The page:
Saturday, April 5, 2008

Inflation concerns rise

The inflation story is assuming alarming proportions. Figures for the week ended March 22, reveals that inflation has risen to a three year high of 7%.

Earlier this week, the Government of India announced measures to ease supply side constraints by abolishing import duty on crude form of edible oils, cutting rates on refined edible oils and banning non-basmati rice exports. The Government scrapped import duties on all crude edible oil forms, while cutting duties on refined palm, sunflower, soyabean, coconut oils and hydrogenated vegetable fats to 7.5 per cent. This follows previous measures like ban on futures trading in wheat, rice and pulses, and ban on exports of pulses. These were follwed with the withdrawal of incentives for export of basmati rice.

On a year-on-year basis, the wholesale prices have risen by 27% for iron and steel category, 21% for edible oils, 6% for cereals, 11% for vegetables, 10% for milk, 9% for dairy products, 5% for cement, and 9% for both mineral oil and coal. As can be seen, the major cause for concern comes from iron and steel and edible oils.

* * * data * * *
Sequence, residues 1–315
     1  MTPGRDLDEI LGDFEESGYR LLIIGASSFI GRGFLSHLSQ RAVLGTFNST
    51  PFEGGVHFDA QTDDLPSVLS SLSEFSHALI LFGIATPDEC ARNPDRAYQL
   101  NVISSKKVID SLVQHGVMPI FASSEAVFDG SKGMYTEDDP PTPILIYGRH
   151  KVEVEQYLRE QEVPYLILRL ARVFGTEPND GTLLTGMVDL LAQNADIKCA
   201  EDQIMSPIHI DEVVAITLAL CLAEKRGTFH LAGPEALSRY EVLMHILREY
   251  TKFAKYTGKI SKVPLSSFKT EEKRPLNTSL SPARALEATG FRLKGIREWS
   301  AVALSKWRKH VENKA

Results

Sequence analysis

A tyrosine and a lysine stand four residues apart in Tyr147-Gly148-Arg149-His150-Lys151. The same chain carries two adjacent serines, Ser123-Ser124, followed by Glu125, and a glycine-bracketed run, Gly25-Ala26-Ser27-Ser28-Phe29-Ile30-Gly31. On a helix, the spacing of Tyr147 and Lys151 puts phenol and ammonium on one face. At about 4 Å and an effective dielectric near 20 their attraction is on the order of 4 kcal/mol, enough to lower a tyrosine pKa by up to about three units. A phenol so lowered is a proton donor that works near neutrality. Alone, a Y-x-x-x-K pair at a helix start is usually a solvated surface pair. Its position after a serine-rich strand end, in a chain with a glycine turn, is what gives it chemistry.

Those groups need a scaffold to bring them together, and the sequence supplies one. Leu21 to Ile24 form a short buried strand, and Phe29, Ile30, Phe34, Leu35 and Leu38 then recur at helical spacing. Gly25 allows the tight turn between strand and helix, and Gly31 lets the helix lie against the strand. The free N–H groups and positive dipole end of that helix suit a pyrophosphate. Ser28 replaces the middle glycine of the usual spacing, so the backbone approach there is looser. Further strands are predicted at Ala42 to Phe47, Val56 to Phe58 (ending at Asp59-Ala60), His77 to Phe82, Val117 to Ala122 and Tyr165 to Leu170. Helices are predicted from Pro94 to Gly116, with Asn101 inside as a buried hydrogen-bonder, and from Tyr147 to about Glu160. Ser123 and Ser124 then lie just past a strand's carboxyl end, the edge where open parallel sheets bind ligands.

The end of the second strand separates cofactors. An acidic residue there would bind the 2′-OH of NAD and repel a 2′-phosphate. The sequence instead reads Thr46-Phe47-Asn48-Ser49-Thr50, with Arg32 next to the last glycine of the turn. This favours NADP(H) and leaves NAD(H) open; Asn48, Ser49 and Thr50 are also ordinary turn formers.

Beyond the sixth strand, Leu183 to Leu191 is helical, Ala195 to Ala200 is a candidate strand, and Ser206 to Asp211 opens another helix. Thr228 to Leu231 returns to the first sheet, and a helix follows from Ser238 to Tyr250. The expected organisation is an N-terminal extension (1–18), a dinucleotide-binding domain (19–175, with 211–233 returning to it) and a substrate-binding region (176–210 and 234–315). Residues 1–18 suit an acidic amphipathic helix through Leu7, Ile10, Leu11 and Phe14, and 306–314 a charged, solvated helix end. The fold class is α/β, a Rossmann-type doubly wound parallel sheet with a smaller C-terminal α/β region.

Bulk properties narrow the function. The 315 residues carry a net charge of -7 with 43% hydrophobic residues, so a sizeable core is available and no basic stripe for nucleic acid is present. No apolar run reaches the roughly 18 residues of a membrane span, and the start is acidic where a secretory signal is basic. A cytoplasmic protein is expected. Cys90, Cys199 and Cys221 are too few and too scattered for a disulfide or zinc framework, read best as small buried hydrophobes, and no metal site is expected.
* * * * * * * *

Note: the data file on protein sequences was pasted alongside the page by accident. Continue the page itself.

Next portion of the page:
The problem faced by the Government is that the recent price rises are not an isolated Indian phenomenon, and cannot be solved by even addressing all our supply side concerns. Global commodity prices - energy, minerals and raw materials, and foodgrains - have been an upward rise for over two years now, and shows no signs of abating. IMFs commodity price index shows that since 2005, food prices are up 65%, metal prices 70%, and petroleum products are up 175.7%. The reasons for the price rises have been well documented here, here, here and here.

Inflation in all our neighbours is much higher than here. Apparently, we are only 79th among high inflation countries. Chinese inflation for February touched 8.7%, an eleven year high. Developed countries too are facing unprecedented inflationary pressures. In an interdependent and integrated global economy, India cannot continue to remain isolated from this global trend.